The Human Development Index (HDI) developed by UNDP is a composite measure of development based on indicators of longevity, knowledge and standard of living. The relationship between HDI and per capita commercial energy consumption demonstrates that there is a steep increase in HDI as per capita energy consumption increases in countries whose per capita energy consumption is very low, as it is in the vast majority of developing countries. Therefore, modest increases in per capita energy consumption for the poorest countries can lead to tremendous improvements the quality of life of people living in these countries.
Policies and programmes that create opportunities for people living in poverty to improve their energy services, by making more efficient use of commercial and non-commercial energy and by shifting to higher quality energy carriers, will allow them to improve their standard of living. The substitution of modern energy carriers and more efficient energy conversion devices would confer sizeable gains in purchasing power on poor households. Improvements in energy efficiency have considerable potential to reduce poverty in all of its major dimensions and to facilitate development.
Figure 1 Energy Chain
Source: IPCC (1996).
Energy interventions can help in the challenges of poverty alleviation and environmental protection. The conventional belief has been that poverty and environment are linked in a "downward spiral" in which people living in poverty, forced to overuse environmental resources for their daily survival, are further impoverished by the degradation of these resources. Increasingly, however, it has become evident that people living in poverty are capable of creating arrangements that protect the environment while sustaining their livelihoods, to the extent that they are provided access to superior technology and finance. Thus, improved energy services will increase their satisfaction of basic needs, and in the process, reduce their adverse impacts on the environment. Nevertheless, realising this dual potential requires institutional as much as technological innovation. Primarily, the level of energy services, rather than energy consumption, needs to be taken as the indicator of development.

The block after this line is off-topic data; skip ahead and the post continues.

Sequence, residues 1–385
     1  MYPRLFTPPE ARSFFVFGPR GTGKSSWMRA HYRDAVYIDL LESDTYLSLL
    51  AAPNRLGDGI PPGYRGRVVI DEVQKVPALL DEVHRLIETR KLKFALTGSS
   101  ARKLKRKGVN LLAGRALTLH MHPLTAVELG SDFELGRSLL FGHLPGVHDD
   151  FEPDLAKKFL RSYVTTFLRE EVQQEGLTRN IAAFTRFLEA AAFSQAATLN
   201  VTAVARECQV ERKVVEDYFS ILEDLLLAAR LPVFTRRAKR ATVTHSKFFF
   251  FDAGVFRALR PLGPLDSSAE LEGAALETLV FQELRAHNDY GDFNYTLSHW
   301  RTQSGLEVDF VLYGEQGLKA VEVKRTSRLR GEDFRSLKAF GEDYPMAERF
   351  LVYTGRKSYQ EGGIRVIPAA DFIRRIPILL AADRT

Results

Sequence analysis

Energy is directly related to the most pressing social, environmental, economic and security issues which affect sustainable development. These include: poverty, jobs and income levels, access to social services, the situation of women, population growth, agricultural production and food scarcity, health, land degradation, climate change and environmental quality, and economic and security issues. These linkages and the past development patterns of the world have produced an unsustainable situation, as discussed in the recent UNDP publication, Energy after Rio: Prospects and Challenges (UNDP, 1997). Energy challenges should be tackled in ways such that these social, environmental, economic and security problems are ameliorated-not aggravated - as is typically the case with conventional energy strategies, which either ignore these global problems or do not deal with them adequately. Energy strategies, policies, programmes and projects should be consistent with, and contribute to, the solutions of the major global problems. The global goal for energy should be to make energy an instrument to help realize the broader goal of sustainable development. This paper examines the poverty-energy-environment nexus in light of the key elements of the debate, current experiences and policies to increase the use of sustainable energy technologies and to reduce the impact of poverty on resource degradation.